A model by Covid Act Now, supported by Georgetown and Stanford universities, provides trends on infection rates, contact tracing and hospital capacity for each state. In addition to showing the how fast the COVID infection is spreading, it shows the positive test rate, and the percent of contacts who are traced. It also shows how close the hospitals in that area are to being maxed out. In each state, there are likely some county-specific data to help understand the direction of their forecast. Easy to read.
Read the Interim Recommendations on COVID-19 vaccines, from CDC’s Advisory Committee on Immunization Practices (ACIP). The Pfizer-BioNTech vaccine is outlined in the December 13, 2020 MMWR, after the FDA granted Emergency Use Authorization (EUA) on Dec. 11. The Moderna vaccine is outlined in the Dec. 20, 2020 MMWR. The Johnson & Johnson (Janssen) vaccine is outlined in the March 2, 2021 MMWR. While the MMWR is geared to medical professionals, much of it is understandable to the general public. The recommendations explain what meetings, experts and evidence were involved in ACIP’s work. Find who should get the vaccines in Phase 1a, Phase 1b and Phase 1c, as published Dec. 22 and Dec. 3. Priority groups for the first set of shots include healthcare workers and long-term care (LTC) residents. LTC includes skilled nursing facilities, nursing homes and assisted living. The CDC recommends that every person get the EUA Fact Sheet BEFORE vaccination. Recommendations will be updated as more information and clinical evidence become available.
CDC reports the overall Covid-19 vaccine doses that are actually administered (shots in the arm) or received by people, compared to the number of doses delivered. As of the morning of Apr. 22, 2021, the percent of delivered/distributed doses that had been given as shots in the arm, was 78%: 219 million of 282 million doses. Doses administered Wednesday were 3 million. So far, 136 million people have gotten at least one shot; 89M people are reported as receiving both doses. For the week ending April 17, 3.2 million doses were administered on average per day, about 2% more than the prior week. However, shots given (22M for the week) were less than supply deliveries (27M). Long-term care vaccines administered to date were 7.8 million. Nearly five (4.9) million in LTC have received at least the first dose. Over 60 million doses are “un-administered”; i.e. still on the shelf. Just 45% of J&J delivered vaccine supply have been given as shots in the arm, with further J&J doses on pause. However, most of the un-administered doses are of Moderna and Pfizer vaccines.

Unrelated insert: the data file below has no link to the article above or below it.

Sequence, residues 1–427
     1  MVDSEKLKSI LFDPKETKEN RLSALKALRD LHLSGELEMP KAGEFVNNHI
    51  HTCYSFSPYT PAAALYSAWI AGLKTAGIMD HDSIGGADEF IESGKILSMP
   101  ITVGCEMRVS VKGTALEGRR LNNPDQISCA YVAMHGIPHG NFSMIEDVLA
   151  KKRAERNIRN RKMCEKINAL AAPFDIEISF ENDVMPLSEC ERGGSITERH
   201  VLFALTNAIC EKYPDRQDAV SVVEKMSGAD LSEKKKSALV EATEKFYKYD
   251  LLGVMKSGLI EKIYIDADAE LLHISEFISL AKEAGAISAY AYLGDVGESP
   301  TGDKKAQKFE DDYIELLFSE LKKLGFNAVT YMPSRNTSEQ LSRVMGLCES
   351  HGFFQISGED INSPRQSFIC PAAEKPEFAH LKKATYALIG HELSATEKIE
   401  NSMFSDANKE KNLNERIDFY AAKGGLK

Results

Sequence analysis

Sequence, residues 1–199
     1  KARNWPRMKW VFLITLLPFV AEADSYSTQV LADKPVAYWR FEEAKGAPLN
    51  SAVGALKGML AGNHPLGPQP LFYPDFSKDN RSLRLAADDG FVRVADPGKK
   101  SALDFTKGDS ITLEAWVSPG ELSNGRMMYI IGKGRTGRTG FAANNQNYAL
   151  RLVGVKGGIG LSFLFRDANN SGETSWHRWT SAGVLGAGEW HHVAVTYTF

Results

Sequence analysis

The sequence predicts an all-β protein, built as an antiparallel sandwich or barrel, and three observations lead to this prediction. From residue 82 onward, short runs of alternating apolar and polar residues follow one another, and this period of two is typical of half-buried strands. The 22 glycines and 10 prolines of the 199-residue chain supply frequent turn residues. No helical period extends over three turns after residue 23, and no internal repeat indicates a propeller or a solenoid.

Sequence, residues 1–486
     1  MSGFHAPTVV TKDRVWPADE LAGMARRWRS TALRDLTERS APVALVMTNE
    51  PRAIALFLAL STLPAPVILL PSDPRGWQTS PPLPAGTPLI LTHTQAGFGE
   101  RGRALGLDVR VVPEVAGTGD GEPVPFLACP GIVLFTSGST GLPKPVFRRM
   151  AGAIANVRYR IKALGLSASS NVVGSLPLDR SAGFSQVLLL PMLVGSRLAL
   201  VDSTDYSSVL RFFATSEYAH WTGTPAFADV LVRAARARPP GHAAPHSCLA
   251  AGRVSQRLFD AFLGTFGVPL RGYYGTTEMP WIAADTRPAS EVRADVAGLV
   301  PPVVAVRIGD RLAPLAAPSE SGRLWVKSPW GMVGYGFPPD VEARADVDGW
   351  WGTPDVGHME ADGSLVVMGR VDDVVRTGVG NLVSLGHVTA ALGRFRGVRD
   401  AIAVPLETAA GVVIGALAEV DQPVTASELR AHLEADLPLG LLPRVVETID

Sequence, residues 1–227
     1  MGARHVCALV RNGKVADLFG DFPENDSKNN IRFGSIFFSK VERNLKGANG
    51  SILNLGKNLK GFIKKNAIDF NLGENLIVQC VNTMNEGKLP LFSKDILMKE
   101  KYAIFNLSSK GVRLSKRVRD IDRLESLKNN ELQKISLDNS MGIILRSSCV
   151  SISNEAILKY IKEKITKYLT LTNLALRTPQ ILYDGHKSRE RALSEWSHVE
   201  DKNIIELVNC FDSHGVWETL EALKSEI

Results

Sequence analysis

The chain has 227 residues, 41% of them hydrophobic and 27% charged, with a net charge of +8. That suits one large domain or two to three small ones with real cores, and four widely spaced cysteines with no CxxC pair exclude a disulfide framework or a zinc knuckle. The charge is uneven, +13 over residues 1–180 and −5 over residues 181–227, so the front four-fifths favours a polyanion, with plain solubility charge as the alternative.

Nearly all states have opened up vaccinations to all ages 16 and up. As of April 19, all states are expected to make vaccines available to all adults. Moderna, Pfizer BioNTech, and the new Johnson & Johnson COVID-19 vaccines are counted. Both vaccine and ancillary kits (syringes, etc.) are shipped. UPS, FedEx and McKesson are the national distributors. Although early vaccination rollout was slower than expected, it has gained speed. Instead of the 1 million doses per day (vaccinations) expected in December, that cumulative milestone was reached two months later, on March 1.
Find the latest update on clinical trials for vaccines and drugs that might be able to treat COVID-19 caused by the coronavirus. This official site is from NIH (National Institutes of Health) National Library of Medicine. As of January 7, 2021, an amazing number of studies – nearly 4,400 – were listed. Of those, 611 studies have been completed (including 79 in the US); another 143 have been terminated, suspended or withdrawn. While 1,250 studies were not yet recruiting participants, almost 2,400 were recruiting or enrolling subjects by invitation. The speed since the pandemic was declared March 11, is quite impressive. A recent search for COVID vaccine showed over 350 studies, 78 of which were in the United States. Short summaries available for each study may give an idea of how long the study will continue, and show if it was completed (with or without results posted). There are still 19 hydroxychloroquine studies actively recruiting or enrolling participants in the US.